The Oslo City Museum
A visit Oslo would not be complete without a visit to the city’s Oslo Museum. One should note that the Oslo Museum in effect refers to four separate museums and the park in which they are located. The park itself is located at the very heart of the city, is a popular tourist destination. A leisurely tour of the park and its museums will definitely round up a visit to this famous city nicely.
The extensive beautiful park is known as the Frogner Park while the four museums found within it include the following:-
i. The Oslo City Museum
ii. The inter-cultural museum
iii. The Labour Museum
iv. The Theatre museum
The Oslo City Museum
This museum Oslo was formerly the Frogner Manor, an estate house located on the south most point of Frogner Park. The fabulous estate had for a time belonged to the church, then to wealthy officials of Kristiania, before it was finally sold to the municipality which became Oslo municipality. The manor house now hosts one of the largest collections of paintings in the Norway. The paintings depict various scenes in the development of the city of Oslo. Some of the pieces feature scenes of various commercial activities that occupied the residents of this ancient city in days long gone. The café Mathis found at the museum offers a place for relaxation and serves the weary tourists with coffee, tea, a wide assortment of cakes, vegan and non-vegan sandwiches and ice cream in any desired flavor.
The Intercultural museum
As the name suggests the Inter-cultural museum documents the various origin of past and present inhabitants of the city and Norway as a whole. Its extensive collection of visual art focuses on the history of the different emigrants’ and the resulting cultural changes the emigrants caused. This museum is located at an old refurbished police station located at Gronland not very far from the Frogner Park. A visit to the Intercultural museum is will help anyone to put into perspective the remarkable cultural diversity of the early inhabitants of mainland Europe and the subsequent cultures that resulted from the interaction between these early peoples.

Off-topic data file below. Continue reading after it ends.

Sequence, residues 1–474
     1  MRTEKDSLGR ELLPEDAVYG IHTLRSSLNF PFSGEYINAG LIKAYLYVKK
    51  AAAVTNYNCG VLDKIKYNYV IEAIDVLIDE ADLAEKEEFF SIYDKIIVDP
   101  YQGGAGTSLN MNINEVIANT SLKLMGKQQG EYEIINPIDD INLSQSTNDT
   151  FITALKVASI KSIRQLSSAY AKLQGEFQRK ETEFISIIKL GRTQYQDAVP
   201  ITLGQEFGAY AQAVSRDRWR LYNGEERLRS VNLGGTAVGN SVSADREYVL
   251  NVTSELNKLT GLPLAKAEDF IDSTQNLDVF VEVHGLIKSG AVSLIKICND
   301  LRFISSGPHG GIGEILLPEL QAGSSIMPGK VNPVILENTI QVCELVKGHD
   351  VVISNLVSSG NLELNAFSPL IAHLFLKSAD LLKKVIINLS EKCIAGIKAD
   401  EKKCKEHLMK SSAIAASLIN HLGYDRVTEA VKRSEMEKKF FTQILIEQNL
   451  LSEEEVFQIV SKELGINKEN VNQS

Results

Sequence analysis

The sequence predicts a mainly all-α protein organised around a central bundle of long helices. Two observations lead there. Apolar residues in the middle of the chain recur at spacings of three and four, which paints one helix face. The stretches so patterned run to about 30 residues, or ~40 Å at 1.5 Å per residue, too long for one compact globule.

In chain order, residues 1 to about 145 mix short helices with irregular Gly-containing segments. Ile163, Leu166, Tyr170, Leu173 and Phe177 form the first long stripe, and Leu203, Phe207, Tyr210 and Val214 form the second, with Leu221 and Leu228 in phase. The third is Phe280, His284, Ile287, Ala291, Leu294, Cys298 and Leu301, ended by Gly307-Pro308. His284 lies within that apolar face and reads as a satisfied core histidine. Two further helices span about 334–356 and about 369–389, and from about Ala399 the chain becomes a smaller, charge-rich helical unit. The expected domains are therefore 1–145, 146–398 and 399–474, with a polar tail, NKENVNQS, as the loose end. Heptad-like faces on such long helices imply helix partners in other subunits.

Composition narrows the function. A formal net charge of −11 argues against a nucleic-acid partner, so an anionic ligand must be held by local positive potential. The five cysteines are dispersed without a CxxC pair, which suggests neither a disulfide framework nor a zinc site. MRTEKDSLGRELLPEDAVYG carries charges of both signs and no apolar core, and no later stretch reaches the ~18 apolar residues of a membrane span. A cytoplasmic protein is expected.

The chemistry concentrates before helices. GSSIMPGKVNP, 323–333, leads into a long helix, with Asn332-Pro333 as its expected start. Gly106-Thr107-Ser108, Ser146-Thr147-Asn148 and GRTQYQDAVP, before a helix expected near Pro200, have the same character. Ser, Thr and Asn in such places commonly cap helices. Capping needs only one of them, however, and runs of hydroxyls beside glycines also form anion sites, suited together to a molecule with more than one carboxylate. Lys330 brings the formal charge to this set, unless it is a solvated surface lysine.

The Labour museum
The Labour museum host art work commemorating the Oslo’s industrial past. The paintings depict various scenes of factory establishments, the workers at the factories and the pioneers who were the founders and innovators of the manufacturing processes in use at the time. A visit to the labor museum includes a tour to an apartment once used by workers in this past era. The tour aims to enlighten tourists of the challenging living conditions which past generations of Oslo residents had to endure in the daily struggle for a living. A visit to the Labour museum is guaranteed to give anyone much needed food-for-thought.
The Theatre museum
The Theatre Museum is also located in the Frogner Manor house alongside the Oslo City Museum. The Theatre museum contains an extensive collection of art that aims to depict the rich history of Christiania theatre from 1830 to 1900. It includes the costumes, the theatrical backdrops and the props used in the performances that the theatre has put on.
The Frogner Park as a museum
The Frogner Park itself is a museum that hosts the world largest collection of sculptures by one artist. In 1919, the famous Norwegian sculptor and artist Gustav Vigeland approached the Oslo municipality with the proposal to donate his entire collection of artwork to the city. This was if the city obliged in building a studio for him to work in. The city accepted his proposal commenced to build a neo-classical building that was to house Gustav’s studio.
In return the artist donated his entire artwork collection which consisted of sculptures, wood-cuts, hand-made sketches, photographs, letters, writing and books that made up Gustav’s personal library. Most of Gustav’s sculptures were placed at various locations in the park, while the rest of the collection remained in the main building that has his studio. These sculptural pieces can be quite provoking when seen as individual pieces. However when viewed as a whole the collection of sculptures scattered in the entire park create a sense of harmony, giving the park a unique wonder not to be found anywhere else. Gustav’s studio apartment found on the third floor of the main museum building is itself part of the museum and offers a look into the mind of a creative genius.